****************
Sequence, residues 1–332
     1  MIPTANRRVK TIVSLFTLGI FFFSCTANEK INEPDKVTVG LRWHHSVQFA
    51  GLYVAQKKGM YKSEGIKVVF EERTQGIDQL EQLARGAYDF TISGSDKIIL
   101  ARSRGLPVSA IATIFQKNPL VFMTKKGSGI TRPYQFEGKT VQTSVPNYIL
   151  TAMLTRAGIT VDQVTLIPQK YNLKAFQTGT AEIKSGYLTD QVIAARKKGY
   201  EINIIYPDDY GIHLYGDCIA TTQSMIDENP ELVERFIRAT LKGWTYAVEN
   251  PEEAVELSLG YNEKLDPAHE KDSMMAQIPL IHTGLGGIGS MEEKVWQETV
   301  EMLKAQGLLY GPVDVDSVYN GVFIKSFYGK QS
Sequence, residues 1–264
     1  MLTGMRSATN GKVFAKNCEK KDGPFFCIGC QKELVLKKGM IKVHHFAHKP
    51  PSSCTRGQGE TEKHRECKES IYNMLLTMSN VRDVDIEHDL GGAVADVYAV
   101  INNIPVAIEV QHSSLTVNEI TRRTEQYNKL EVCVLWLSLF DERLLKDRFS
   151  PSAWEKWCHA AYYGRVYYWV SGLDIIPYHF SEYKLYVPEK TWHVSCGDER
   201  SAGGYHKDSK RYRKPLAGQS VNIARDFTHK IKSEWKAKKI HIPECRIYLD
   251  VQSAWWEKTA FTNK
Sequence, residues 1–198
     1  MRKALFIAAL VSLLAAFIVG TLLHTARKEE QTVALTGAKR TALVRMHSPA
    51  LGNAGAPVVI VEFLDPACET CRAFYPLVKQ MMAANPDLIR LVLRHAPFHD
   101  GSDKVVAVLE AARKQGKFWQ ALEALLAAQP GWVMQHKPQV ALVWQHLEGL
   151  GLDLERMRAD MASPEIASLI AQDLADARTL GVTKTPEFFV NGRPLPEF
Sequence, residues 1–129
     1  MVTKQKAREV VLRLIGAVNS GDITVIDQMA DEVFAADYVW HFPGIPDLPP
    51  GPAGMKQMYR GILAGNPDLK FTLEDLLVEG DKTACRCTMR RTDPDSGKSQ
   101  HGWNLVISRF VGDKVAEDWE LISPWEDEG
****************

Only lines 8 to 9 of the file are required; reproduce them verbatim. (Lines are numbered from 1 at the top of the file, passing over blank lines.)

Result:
   301  EMLKAQGLLY GPVDVDSVYN GVFIKSFYGK QS
Sequence, residues 1–264